ONLY five of Nigeria’s 23 airlines have completed and passed the global safety certification of the International Air Transportation Association (IATA) that qualifies them to be among the world’s best aviation operators.
Known as IATA Operational Safety Audit (Iosa) the programme is an internationally recognised and accepted evaluation system designed to assess the operational management and control systems of an airline. Iosa audits create a standard that is comparable on a world-wide basis, enabling and maximising the joint use of audit reports.
Iosa uses stringent audit principles that sees airlines evaluated every two years and at the moment, Air Peace, Allied Air, Arik Air, Azman Air and Overland Airways are the only airlines in Nigeria to be certified. Their certification will expire later this year after which they will go through another round of assessment.
Air Peace’s certification will expire on December 2, while that of Allied Air will expire on August 14, with that of Azman Air expiring on September 13 and Overland Airways’ certification expiring on October 25. IATA said Arik’s re-evaluation could not be conducted in 2020 due to Covid-19, so the airline will remain on the registry until April this year.
In 2018, Arik Air, Aero Contractors, Allied Air, and Cargo services, Overland Airways, Medview, Dana Air and Air Peace were certified but Dana Air, Medview and Aero Contractors have since dropped off the list after their certification expired. Registering for Iosa certification and auditing is not mandatory and an airline that does not have certification may have chosen not to participate, or failed the audit.
Small budget and regional airlines often do not do the Iosa audit mainly because of the cost and the expense required to implement the recommended changes. According to a recent IATA report, Iosa certified airlines had a crash rate three times less than airlines not on the registry.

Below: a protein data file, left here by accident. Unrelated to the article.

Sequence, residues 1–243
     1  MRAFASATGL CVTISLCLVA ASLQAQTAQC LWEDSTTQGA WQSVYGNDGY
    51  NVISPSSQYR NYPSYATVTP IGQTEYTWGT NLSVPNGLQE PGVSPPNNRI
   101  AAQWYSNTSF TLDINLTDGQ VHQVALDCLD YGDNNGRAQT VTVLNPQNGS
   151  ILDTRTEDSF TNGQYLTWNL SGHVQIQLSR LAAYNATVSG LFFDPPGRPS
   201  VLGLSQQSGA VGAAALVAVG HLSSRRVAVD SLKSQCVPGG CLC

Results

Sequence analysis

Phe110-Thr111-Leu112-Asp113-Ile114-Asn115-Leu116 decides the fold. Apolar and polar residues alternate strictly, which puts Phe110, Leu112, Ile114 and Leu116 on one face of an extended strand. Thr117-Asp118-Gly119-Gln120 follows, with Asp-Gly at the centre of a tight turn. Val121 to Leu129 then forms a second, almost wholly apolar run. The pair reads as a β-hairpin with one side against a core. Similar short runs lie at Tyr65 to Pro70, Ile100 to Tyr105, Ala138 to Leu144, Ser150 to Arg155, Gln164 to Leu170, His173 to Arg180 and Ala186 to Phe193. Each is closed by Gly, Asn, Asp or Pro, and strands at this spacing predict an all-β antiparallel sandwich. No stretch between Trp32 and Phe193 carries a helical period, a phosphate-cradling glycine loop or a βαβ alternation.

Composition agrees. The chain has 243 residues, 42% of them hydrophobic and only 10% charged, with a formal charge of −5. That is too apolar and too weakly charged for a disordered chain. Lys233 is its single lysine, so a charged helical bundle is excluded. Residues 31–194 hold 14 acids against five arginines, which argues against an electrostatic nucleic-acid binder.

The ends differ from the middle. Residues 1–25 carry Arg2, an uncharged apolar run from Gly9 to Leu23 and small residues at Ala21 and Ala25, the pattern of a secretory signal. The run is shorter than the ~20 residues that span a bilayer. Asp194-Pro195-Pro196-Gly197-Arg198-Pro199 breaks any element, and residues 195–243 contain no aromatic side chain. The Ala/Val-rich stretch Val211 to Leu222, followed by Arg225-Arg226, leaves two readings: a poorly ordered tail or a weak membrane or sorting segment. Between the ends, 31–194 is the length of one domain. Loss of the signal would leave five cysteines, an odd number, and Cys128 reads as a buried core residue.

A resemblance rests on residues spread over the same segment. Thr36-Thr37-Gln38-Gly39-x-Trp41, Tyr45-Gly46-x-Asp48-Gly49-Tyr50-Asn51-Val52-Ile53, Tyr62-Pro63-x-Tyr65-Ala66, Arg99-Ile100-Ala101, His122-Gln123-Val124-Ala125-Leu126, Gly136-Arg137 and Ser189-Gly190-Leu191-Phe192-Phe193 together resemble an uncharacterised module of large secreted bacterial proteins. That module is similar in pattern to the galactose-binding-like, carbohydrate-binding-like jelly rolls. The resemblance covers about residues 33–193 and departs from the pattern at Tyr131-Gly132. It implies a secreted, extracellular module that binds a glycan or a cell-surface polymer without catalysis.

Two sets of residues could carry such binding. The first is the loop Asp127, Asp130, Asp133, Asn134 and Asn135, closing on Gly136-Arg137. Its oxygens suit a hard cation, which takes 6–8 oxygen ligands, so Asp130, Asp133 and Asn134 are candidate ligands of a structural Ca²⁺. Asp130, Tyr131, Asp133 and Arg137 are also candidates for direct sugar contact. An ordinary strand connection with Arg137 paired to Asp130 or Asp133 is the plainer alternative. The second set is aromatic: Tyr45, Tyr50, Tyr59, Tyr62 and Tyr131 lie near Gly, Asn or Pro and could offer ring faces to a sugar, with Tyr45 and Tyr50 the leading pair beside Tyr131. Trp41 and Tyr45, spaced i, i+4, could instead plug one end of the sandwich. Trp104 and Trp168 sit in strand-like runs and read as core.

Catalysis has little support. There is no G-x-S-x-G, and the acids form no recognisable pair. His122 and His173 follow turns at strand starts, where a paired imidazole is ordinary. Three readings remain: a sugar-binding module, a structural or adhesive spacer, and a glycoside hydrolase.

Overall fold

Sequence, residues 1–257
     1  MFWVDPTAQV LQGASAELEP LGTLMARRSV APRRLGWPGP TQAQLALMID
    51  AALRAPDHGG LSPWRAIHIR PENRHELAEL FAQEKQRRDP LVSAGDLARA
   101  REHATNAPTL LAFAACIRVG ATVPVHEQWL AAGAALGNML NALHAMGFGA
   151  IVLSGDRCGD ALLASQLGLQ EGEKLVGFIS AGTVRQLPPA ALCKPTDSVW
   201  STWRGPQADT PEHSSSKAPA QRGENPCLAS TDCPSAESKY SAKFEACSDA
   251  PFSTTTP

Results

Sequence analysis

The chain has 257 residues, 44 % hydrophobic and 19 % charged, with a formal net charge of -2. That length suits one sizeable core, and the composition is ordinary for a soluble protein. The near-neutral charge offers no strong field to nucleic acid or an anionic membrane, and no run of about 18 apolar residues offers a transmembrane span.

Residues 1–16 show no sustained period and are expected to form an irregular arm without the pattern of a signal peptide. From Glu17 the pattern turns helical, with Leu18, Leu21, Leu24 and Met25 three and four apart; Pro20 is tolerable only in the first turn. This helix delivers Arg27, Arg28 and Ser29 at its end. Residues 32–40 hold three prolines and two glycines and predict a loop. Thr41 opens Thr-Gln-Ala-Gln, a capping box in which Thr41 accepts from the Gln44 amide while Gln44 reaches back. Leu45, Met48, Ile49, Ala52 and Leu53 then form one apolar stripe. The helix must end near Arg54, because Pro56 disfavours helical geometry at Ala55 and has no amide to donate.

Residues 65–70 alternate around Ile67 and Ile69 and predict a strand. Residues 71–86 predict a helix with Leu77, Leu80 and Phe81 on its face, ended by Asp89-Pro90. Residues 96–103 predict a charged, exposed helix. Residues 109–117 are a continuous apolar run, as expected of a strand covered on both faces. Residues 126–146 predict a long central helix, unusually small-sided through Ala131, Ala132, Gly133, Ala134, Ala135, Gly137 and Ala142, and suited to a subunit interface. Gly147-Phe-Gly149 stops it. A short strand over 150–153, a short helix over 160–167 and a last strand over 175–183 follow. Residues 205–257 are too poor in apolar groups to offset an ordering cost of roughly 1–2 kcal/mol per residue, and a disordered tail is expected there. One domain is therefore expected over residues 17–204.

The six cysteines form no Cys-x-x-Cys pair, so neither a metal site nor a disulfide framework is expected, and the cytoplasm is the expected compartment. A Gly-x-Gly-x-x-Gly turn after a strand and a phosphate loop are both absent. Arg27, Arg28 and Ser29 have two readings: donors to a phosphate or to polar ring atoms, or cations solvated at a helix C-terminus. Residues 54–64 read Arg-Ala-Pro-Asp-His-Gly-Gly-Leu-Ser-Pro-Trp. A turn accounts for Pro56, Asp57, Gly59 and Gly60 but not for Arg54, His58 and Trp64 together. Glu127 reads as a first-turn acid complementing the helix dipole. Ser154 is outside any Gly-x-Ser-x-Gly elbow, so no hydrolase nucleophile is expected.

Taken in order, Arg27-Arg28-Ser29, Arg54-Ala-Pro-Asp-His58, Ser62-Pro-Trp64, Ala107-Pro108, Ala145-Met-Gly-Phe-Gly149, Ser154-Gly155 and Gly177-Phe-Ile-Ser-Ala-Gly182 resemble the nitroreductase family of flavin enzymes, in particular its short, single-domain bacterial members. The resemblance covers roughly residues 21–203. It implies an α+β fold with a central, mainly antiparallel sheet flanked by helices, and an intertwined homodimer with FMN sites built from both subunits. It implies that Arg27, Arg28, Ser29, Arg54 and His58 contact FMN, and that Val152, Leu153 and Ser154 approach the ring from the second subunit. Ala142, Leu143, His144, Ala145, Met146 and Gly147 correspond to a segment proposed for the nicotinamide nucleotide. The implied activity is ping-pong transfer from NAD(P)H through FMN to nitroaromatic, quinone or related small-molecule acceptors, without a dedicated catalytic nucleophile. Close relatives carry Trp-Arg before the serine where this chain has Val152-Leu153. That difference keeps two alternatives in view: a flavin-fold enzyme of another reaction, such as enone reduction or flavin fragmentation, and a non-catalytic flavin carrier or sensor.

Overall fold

Nigeria’s airlines that achieved the Iosa are some of the country’s most active. Ironically, one of them, Azman Air, recently came under local regulatory sanctions over safety concerns after the Nigerian Civil Aviation Authority (NCAA) suspended it two weeks ago, saying its aircraft had been involved in multiple incidents that could have serious consequences if not addressed.
NCAA said its inspectors found an Azman Air maintenance engineer carrying out replacement of a landing gear wheel of a Boeing 737-500 without referring to the manufacturer’s maintenance manual. Also, it said in February, a component of an Azman’s aircraft was observed to have fallen off during takeoff and despite being notified by the air traffic control, the pilot continued the flight to Lagos.
Upon arrival, the pilot failed to make entry in the aircraft technical logbook. Five days later, the same aircraft suffered burst tyres during landing, with resultant severe damage to the aircraft engine and fuselage.
The Accident Investigation Bureau is currently investigating the incident. Azman Air denied an earlier statement attributed to the company accusing the regulator of unprofessionalism and taking a hasty decision.